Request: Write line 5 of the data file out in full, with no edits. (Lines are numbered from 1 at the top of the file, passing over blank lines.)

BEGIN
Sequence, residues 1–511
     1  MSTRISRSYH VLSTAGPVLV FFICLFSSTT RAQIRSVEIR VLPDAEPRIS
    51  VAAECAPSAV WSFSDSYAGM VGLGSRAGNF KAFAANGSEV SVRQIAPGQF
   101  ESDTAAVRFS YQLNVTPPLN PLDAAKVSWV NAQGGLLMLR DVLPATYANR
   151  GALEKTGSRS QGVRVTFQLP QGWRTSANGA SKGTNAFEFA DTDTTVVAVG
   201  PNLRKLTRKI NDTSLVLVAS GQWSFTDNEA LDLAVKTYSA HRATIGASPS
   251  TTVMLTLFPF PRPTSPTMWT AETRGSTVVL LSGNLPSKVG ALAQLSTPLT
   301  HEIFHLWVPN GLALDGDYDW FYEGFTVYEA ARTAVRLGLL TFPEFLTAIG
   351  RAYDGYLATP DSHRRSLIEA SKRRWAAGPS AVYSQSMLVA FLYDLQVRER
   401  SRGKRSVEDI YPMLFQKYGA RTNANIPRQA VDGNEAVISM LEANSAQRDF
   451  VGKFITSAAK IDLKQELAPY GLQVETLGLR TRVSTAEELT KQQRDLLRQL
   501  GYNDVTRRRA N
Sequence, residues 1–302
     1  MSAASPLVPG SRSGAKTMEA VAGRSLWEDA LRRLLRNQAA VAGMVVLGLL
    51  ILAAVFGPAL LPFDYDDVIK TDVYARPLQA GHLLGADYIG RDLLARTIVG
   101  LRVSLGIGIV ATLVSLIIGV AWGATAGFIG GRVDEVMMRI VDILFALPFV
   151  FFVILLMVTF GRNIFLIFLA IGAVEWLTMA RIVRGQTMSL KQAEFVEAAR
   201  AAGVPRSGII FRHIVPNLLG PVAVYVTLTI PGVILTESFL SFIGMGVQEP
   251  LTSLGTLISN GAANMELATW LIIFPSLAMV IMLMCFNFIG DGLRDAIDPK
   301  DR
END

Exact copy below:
   151  GALEKTGSRS QGVRVTFQLP QGWRTSANGA SKGTNAFEFA DTDTTVVAVG